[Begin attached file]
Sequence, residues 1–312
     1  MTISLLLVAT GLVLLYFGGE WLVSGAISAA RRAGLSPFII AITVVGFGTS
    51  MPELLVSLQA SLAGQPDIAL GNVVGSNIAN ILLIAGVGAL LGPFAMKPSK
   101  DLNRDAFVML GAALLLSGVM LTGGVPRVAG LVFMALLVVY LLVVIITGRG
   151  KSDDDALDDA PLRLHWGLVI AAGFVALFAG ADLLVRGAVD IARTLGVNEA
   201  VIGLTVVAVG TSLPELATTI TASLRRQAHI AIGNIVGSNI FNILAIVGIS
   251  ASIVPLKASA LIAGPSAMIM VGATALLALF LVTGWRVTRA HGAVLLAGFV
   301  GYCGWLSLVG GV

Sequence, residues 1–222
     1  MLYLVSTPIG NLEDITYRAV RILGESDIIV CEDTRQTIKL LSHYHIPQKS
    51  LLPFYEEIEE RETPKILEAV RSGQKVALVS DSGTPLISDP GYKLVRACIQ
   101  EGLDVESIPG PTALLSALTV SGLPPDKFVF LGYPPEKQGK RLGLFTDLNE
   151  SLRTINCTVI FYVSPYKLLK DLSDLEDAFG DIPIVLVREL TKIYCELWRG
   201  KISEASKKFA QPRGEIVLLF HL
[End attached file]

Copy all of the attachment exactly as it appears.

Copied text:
Sequence, residues 1–312
     1  MTISLLLVAT GLVLLYFGGE WLVSGAISAA RRAGLSPFII AITVVGFGTS
    51  MPELLVSLQA SLAGQPDIAL GNVVGSNIAN ILLIAGVGAL LGPFAMKPSK
   101  DLNRDAFVML GAALLLSGVM LTGGVPRVAG LVFMALLVVY LLVVIITGRG
   151  KSDDDALDDA PLRLHWGLVI AAGFVALFAG ADLLVRGAVD IARTLGVNEA
   201  VIGLTVVAVG TSLPELATTI TASLRRQAHI AIGNIVGSNI FNILAIVGIS
   251  ASIVPLKASA LIAGPSAMIM VGATALLALF LVTGWRVTRA HGAVLLAGFV
   301  GYCGWLSLVG GV

Sequence, residues 1–222
     1  MLYLVSTPIG NLEDITYRAV RILGESDIIV CEDTRQTIKL LSHYHIPQKS
    51  LLPFYEEIEE RETPKILEAV RSGQKVALVS DSGTPLISDP GYKLVRACIQ
   101  EGLDVESIPG PTALLSALTV SGLPPDKFVF LGYPPEKQGK RLGLFTDLNE
   151  SLRTINCTVI FYVSPYKLLK DLSDLEDAFG DIPIVLVREL TKIYCELWRG
   201  KISEASKKFA QPRGEIVLLF HL